A WONDERFUL video on the value of free speech at universities

The University of Chicago doesn’t hide its defense of free speech and open discourse in the footnotes. It puts free speech front and center, in a video directed at all students thinking of applying to the University. It states our university values forthrightly, explains why they matter, and shows that we have held them since the university was founded, sometimes against rich and powerful opposition.

What’s amazing–and disheartening–is that these same values are not adopted by every college and university. What’s their principled objection to diversity of thought and free speech?

A few may have such principled objections, based on their notions of “social justice.” They know what is socially just; they know what is not; and they know the whole topic is just too important to debate. So, they reason, agree with us or at least have the courtesy to keep quiet.

DePaul is like that. It took away the students’ chalk last year after someone had the temerity to write “Trump 2016” on a sidewalk. This Catholic school banned a poster, “Unborn Lives Matter,” for fear it would upset black students. There’s more robust debate on the back of a cereal box.

But most university administrators have no principled objections to free speech. They just go with the flow, unwilling to face the opposition from students and faculty that would greet them if they urged a hearing for unpopular viewpoints.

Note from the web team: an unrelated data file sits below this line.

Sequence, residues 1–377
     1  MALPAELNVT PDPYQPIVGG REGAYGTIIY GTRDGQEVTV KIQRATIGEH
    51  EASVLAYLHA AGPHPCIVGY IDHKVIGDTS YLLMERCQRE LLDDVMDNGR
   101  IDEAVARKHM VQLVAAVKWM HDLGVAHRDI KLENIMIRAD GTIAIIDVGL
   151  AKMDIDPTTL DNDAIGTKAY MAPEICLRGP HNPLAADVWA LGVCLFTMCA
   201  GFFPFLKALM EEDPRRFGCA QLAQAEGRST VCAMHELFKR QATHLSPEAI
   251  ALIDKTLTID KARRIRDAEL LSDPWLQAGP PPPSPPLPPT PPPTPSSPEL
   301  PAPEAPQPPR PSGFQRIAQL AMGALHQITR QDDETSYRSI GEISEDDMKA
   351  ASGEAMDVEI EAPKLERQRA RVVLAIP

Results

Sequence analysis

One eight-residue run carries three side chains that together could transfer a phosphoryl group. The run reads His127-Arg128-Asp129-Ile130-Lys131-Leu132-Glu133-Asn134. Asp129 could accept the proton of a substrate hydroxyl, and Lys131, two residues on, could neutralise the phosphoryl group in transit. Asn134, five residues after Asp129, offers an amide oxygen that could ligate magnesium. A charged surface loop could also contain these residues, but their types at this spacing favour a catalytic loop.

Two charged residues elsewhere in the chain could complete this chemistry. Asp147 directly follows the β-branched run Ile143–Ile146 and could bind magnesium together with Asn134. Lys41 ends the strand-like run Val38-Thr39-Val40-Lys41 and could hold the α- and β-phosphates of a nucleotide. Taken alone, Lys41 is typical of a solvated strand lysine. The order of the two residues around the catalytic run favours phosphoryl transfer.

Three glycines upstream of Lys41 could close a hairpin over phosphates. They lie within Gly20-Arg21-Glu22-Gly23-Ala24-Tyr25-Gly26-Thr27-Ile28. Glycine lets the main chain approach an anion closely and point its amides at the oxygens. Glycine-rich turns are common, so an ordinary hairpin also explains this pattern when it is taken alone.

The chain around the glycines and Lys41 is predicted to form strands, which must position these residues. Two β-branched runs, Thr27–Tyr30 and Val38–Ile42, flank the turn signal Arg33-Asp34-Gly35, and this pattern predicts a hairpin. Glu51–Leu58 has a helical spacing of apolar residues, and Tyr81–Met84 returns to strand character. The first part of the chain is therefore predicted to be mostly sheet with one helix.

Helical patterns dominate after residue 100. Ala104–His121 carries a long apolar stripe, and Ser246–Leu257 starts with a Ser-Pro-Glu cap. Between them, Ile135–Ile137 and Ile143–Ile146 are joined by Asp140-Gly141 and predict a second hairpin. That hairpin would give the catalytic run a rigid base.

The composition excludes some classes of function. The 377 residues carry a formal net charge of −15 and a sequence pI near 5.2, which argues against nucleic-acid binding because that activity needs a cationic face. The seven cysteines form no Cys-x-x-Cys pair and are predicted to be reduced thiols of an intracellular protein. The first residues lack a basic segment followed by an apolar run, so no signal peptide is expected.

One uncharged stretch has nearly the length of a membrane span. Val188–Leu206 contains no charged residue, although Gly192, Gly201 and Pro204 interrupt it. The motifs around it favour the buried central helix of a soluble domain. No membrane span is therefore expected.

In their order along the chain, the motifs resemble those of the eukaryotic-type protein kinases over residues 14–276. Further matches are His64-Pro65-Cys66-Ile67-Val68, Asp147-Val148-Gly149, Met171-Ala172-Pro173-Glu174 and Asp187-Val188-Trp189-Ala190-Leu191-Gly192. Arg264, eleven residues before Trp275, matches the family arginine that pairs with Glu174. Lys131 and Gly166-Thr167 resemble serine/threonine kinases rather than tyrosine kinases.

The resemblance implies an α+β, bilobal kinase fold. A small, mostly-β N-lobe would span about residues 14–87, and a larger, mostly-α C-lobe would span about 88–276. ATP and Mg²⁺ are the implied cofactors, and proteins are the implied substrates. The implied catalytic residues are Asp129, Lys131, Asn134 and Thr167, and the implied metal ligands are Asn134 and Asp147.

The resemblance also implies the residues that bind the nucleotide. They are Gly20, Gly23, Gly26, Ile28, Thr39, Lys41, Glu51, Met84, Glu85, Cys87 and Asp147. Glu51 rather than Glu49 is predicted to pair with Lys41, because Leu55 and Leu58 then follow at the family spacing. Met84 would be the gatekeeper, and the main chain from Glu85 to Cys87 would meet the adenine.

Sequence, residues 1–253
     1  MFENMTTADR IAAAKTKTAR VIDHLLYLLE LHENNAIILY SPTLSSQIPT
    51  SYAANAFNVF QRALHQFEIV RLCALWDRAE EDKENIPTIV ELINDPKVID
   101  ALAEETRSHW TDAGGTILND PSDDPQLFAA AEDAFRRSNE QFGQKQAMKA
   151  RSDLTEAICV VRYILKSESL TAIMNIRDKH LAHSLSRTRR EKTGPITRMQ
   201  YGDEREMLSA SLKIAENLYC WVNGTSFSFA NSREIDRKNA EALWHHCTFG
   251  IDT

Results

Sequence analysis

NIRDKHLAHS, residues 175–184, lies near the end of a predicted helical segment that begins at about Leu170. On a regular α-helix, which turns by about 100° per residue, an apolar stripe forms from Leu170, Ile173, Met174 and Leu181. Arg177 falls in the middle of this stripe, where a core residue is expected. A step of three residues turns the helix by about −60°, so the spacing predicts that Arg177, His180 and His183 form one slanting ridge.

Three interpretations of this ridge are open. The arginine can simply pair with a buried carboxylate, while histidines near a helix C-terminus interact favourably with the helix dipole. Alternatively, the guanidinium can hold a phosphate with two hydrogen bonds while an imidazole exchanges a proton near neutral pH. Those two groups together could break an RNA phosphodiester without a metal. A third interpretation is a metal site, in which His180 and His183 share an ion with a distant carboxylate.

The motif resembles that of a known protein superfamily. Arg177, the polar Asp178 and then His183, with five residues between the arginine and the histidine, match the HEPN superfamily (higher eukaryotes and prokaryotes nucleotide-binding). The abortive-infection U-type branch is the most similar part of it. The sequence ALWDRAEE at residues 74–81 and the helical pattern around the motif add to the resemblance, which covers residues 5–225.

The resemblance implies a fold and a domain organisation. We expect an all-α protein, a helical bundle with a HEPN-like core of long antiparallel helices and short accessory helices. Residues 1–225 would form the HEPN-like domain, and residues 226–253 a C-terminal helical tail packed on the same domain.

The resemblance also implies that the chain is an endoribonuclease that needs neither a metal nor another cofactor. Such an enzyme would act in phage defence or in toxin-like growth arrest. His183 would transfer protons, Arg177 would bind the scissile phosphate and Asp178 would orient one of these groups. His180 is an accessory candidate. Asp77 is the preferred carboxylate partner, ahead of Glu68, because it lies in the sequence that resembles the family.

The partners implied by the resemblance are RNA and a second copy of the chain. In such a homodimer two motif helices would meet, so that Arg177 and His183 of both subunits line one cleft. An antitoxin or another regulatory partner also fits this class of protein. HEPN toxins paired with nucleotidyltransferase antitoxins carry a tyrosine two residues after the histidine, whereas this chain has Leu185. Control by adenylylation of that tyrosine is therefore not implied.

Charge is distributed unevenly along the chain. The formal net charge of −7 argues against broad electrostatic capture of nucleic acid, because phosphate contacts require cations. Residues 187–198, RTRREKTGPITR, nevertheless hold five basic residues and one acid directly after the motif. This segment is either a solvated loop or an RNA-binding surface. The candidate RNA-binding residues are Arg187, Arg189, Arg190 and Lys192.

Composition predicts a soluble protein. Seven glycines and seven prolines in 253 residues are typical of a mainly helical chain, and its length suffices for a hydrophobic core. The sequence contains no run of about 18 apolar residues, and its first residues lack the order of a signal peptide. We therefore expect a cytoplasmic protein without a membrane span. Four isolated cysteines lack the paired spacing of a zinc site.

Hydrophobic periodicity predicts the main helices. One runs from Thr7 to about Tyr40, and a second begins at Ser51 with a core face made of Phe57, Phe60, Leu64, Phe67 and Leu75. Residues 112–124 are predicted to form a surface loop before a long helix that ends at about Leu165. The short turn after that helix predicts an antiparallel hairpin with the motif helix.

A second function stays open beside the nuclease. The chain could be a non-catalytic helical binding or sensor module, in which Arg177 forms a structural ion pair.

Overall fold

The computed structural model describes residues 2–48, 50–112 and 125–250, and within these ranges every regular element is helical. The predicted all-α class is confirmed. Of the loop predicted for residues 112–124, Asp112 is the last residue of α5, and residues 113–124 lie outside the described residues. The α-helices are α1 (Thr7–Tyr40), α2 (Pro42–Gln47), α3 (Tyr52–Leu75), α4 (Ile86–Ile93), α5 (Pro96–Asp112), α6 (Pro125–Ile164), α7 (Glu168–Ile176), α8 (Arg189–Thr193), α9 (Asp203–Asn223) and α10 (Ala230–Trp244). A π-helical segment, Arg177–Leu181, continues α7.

The poster boy for this invertebrate position is Peter Salovey, president of Yale. It’s bad enough he fails to defend free speech. He goes further, patting himself on the back for supporting the First Amendment. “Lux et Veritas” may be the university motto, but only if the lux is environmentally-friendly and the veritas is approved by local truth squad. Otherwise, not so much.

Salovey’s stance is similar to most college administrators. They simply do what successful career bureaucrats always do: protect their positions and that of their institutions from any controversy. That may keep the campus quiet, but is that really the highest goal of education?


I’m reluctant to post too much about my own university, despite my great admiration for its intellectual traditions and commitment to free speech.

It seems too much like preening.

(CAVEAT: Even at Chicago, there are some departments and centers that fall well short of the aspiration of diverse viewpoints. They are the same ones that rot and stink in the sun on all campuses.